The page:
Report: VA officials knew about rare disease risk prior to patient deaths

Concerns continue to rise over care provided at Veterans Affairs hospitals, particularly in Pittsburgh, where patients have been exposed to Legionnaire's disease and new revelations that officials knew about the risk long before five patients died after contracting the illness.

In an exclusive report, CNBC obtained emails that indicate Pittsburgh VA hospital officials knew there was a "60 percent positivity rate of Legionella as far back as 2010."  In addition, a hospital employee provided CNBC with a video he shot in August that shows open sewage, dead bugs, leaky pipes and crumbling infrastructure next to radiation therapy and various areas at the hospital.

The employee, who remained anonymous, told the reporter conditions have been like this for four years. "In the mechanical space adjacent to radiation therapy," he told CNBC. "Here we have a sewage pit, the room stinks and we have a water leak that's been leaking for a while."

Despite these known problems and questions surrounding quality care, a government report indicates VA officials have received huge rewards and bonuses. Around 80 percent of the nearly 22,500 VA physicians received $150 million--about $8,049 per doctor--in incentivized pay, FierceGoverment previously reported. And CNBC pointed out Mike Moreland, the regional director for VA Pittsburgh Healthcare System, not only received the government's highest civil service accolade this year but also a $60,000 bonus on top of his $180,000 salary.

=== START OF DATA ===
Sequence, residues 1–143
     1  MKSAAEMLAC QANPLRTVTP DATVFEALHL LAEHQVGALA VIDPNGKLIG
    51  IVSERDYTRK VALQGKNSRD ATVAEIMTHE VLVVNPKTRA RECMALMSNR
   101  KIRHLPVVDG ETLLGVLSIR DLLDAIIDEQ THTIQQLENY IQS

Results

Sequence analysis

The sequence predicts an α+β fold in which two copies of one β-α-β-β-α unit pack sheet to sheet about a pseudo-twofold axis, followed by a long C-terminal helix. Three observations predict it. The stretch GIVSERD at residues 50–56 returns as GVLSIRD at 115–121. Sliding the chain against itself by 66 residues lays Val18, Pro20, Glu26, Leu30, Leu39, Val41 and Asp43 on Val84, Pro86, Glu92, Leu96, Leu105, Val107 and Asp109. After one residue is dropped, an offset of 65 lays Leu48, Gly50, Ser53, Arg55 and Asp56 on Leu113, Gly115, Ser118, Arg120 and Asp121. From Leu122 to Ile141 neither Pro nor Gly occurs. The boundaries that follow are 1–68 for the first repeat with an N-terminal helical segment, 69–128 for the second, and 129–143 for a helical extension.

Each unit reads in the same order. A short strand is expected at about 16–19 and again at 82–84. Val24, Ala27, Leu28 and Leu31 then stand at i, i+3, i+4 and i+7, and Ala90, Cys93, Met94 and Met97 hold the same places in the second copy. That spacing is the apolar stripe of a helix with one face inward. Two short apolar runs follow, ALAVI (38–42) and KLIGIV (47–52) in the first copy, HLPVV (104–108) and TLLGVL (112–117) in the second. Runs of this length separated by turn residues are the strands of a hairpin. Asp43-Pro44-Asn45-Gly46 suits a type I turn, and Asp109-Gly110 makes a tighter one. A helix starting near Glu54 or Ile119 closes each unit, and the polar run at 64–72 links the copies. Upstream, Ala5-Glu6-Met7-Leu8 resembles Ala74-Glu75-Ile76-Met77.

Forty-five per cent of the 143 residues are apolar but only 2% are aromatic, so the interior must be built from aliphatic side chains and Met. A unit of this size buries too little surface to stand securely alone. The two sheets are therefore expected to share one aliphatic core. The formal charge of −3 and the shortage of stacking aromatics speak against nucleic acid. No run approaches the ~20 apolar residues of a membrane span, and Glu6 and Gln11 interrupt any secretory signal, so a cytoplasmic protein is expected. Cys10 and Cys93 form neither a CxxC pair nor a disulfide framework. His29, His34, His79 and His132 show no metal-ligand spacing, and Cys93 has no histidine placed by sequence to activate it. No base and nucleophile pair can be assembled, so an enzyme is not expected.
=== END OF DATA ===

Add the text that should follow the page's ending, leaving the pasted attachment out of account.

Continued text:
The VA told CNBC it is "committed to consistently providing the high quality care our veterans have earned and deserve." But the Pittsburgh location is not the only VA facility under fire. This week, during a House hearing on the VA's medical problems, representatives learned the upstate head of the VHA received $26,000 in bonuses while employees at the Buffalo VA Medical Center improperly reused insulin pens and mishandled patient records, the Buffalo News reported. At least 18 veterans in Buffalo have tested positive for hepatitis as a result of the reuse of the disposable insulin pens, according to the Washington Post.

Furthermore, the Washington Post article states government reports blamed mismanagement for the overdose of one patient and suicides of two others at the VA's Atlanta facility.

Meanwhile,"Ignoring Private Ryan," the latest installment of "Red Tape Diaries" on The Daily Show with Jon Stewart, pokes fun at the VA executive pay and bonuses. (Reader beware: The video may not be work appropriate.)

For more:
- here's the CNBC report
- read the Washington Post article
- check out the Buffalo News piece
- watch the Red Tape Diaries video (may not be work appropriate)